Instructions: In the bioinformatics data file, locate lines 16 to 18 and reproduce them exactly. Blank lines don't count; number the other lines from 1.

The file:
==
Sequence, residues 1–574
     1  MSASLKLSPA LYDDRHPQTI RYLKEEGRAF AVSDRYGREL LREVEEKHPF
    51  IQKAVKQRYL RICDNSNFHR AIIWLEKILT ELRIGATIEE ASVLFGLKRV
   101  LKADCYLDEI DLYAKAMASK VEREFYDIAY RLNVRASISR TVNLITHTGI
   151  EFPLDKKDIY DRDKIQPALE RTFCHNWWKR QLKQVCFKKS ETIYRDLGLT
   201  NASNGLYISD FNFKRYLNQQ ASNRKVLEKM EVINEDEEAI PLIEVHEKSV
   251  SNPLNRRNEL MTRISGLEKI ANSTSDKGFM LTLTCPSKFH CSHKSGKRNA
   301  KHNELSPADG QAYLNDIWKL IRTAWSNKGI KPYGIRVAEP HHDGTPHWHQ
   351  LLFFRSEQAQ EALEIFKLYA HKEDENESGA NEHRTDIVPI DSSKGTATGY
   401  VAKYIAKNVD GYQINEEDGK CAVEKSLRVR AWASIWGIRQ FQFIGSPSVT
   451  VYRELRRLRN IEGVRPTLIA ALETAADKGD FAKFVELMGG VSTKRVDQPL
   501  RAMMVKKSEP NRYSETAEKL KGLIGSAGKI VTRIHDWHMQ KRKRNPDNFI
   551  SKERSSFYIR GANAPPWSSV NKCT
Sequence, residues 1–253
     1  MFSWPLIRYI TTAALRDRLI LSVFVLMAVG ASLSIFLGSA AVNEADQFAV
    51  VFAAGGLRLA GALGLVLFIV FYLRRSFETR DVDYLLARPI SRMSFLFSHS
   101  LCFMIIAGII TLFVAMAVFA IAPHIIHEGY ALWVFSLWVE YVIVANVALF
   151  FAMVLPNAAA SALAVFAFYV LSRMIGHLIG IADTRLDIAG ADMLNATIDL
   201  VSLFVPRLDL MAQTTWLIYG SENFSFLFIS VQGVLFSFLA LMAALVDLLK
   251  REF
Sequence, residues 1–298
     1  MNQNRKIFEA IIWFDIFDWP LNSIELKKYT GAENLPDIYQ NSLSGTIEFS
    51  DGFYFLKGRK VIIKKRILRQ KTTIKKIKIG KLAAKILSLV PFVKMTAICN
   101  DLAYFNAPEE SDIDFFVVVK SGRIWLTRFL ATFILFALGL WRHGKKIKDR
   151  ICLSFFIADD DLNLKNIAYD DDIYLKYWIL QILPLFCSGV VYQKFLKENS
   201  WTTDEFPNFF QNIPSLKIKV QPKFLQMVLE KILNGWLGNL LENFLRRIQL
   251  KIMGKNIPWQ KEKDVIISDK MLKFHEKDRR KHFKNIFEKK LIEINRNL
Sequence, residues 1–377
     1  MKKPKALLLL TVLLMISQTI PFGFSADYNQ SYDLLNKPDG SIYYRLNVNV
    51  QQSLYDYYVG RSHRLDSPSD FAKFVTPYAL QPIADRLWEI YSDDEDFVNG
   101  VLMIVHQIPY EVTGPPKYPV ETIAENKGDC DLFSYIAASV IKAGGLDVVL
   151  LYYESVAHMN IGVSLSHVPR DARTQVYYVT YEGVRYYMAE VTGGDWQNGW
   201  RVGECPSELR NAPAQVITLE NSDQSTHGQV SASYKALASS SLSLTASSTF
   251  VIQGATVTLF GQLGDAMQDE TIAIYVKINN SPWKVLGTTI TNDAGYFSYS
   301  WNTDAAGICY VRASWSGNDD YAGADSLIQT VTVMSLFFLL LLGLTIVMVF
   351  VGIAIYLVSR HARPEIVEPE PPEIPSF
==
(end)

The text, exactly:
    51  VFAAGGLRLA GALGLVLFIV FYLRRSFETR DVDYLLARPI SRMSFLFSHS
   101  LCFMIIAGII TLFVAMAVFA IAPHIIHEGY ALWVFSLWVE YVIVANVALF
   151  FAMVLPNAAA SALAVFAFYV LSRMIGHLIG IADTRLDIAG ADMLNATIDL